The Big Deal with Big Data

September 11, 2012
103 Views

Big data has certainly become big news; today’s headlines are full of tales bemoaning firms’ ability to store, handle and analyze large sets of data. But big data is not a new phenomenon. And finding ways to manage it is not new to software firms, some of which have been doing it for over 20 years.

So why is big data such a hot topic? Jesse Davis, director of research and development at application connectivity provider Progress DataDirect, says Facebook and Twitter are partly at fault.

Big data has certainly become big news; today’s headlines are full of tales bemoaning firms’ ability to store, handle and analyze large sets of data. But big data is not a new phenomenon. And finding ways to manage it is not new to software firms, some of which have been doing it for over 20 years.

So why is big data such a hot topic? Jesse Davis, director of research and development at application connectivity provider Progress DataDirect, says Facebook and Twitter are partly at fault.

He noted that big data became trendy “when the world became aware of data coming from outside the enterprise – i.e. from social media.”

Every keystroke that we make on Facebook or Twitter, every photograph that we enter into a Picasa album, and each time we enable GPS position tracking on our smart phones generates pieces of data. Human beings are the largest contributors to the mountain of big data, says Davis and it is getting bigger by the day.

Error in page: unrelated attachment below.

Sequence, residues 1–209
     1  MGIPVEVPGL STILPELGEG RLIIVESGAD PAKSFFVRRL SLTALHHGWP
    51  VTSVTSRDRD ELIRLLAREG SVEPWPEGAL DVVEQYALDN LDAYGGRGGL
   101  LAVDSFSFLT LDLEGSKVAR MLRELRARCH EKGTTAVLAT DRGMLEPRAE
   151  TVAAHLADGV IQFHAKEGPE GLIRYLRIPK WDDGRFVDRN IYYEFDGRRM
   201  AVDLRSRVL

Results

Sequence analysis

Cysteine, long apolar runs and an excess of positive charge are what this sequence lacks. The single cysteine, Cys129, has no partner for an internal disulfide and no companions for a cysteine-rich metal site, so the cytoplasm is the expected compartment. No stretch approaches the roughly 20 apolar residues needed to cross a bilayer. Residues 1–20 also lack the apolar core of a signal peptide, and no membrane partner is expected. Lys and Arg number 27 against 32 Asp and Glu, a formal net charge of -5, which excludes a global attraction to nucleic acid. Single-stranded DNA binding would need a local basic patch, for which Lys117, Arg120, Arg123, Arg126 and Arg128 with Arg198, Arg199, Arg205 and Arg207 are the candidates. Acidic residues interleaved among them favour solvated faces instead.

“Every two days we generate as much data as was generated in all of history up until 2003,” says Davis. “We created 90% of that data in the last two years, and it is growing exponentially.”

Cell phone companies, department stores, online shopping retails all want to mine this data to find patterns they can profit from. They want to see what we are buying, where, and how much we spend. “They pull the data together to get a complete picture of consumers; tying people with places they’ve been and people they know,” says Davis.

If this sounds creepy it isn’t meant to be. Businesses are using big data, much of it generated by us, to try and give us a personalized experience, be it shopping or buying minutes on a cell phone. They are using it to make better business decisions as well. Chevron, for example, uses large sets of data from sonic exploration for oil to analyze and decide where to drill next.

So is big data good for business? It seems so. Davis concludes: “Information gives you a competitive edge, an advantage.”

If big data makes companies more competitive they can give consumers better and more personalized services. Which is a big deal.